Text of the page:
New York, stung by the Trump administration’s sanctuary state spanking this week, announced Friday it will sue to try to prevent Homeland Security from banning its residents from signing up for trusted traveler programs.
Attorney General Letitia James said the state is being singled out for political punishment and she said the state will ask the courts to stop the “unfair targeting.”
At issue is the state’s new sanctuary law that grants driver’s licenses to illegal immigrants, and bans two key federal immigration agencies from accessing the state’s motor vehicle bureau records.
Homeland Security officials this week said without access to those records, they can’t perform checks of DUI or other serious traffic offenses, which are requirements for being admitted into Global Entry or other trusted traveler programs that help speed people through airports and border crossings.
“This is political retribution, plain and simple, and while the president may want to punish New York for standing up to his xenophobic policies, we will not back down,” Ms. James said.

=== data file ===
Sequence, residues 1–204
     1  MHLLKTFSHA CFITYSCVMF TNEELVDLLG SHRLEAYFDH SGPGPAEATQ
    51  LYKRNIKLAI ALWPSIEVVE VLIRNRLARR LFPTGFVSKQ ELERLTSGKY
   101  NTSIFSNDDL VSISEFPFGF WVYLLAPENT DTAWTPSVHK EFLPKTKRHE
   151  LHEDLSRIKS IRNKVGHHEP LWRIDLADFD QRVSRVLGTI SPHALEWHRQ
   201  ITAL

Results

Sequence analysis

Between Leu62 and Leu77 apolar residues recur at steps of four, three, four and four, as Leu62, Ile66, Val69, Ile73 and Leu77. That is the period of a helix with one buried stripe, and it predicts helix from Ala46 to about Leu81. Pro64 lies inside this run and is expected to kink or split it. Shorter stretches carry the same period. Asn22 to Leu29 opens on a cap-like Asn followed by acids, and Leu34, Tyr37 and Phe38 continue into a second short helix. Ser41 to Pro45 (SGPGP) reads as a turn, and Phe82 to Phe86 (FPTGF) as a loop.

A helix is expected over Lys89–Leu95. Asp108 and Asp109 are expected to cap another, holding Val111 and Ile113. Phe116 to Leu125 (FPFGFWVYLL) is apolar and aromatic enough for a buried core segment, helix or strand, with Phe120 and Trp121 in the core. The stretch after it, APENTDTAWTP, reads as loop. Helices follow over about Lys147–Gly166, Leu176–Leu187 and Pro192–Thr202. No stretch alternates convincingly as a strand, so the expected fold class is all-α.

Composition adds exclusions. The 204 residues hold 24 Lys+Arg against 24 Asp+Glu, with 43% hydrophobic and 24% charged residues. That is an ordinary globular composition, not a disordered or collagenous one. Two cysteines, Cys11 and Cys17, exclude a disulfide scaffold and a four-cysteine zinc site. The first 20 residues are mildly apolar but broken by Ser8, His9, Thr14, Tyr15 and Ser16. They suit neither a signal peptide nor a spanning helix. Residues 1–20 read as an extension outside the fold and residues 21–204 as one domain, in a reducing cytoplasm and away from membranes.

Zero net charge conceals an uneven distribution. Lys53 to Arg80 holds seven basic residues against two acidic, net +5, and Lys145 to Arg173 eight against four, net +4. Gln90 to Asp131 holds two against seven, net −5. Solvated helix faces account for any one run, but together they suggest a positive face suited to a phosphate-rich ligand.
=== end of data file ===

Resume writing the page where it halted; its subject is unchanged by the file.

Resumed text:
Gov. Andrew Cuomo called Homeland Security’s move “extortion.”
They said 13 other states have laws that allow illegal immigrants to hold driver’s licenses.
But Homeland Security officials say that’s not the reason New York is losing access to the trusted traveler program. It’s the other part of the law that bars Customs and Border Protection and U.S. Immigration and Customs Enforcement from access to driving and vehicle records.
Those records are the only way the government can check on DUIs, said Todd Owen, executive assistant commissioner at CBP.
He said having a DUI or a major offense disqualifies someone from being a trusted traveler. No databases means no checks, ergo no approvals.
“We cannot let people into the program that have not been properly vetted,” he said.
While some other states are eyeing a similar ban on information-sharing, only New York has one in place, which is why it’s the one that’s been targeted, Homeland Security officials said Thursday as they defended the move.
Underscoring the point, they noted that New York’s new ban applies specifically to sharing information with CBP and ICE.
It does not apply to the Transportation Security Administration, which still has access to the records. And since TSA runs the popular airport Pre-Check program, New Yorkers are still able to enroll in that program.
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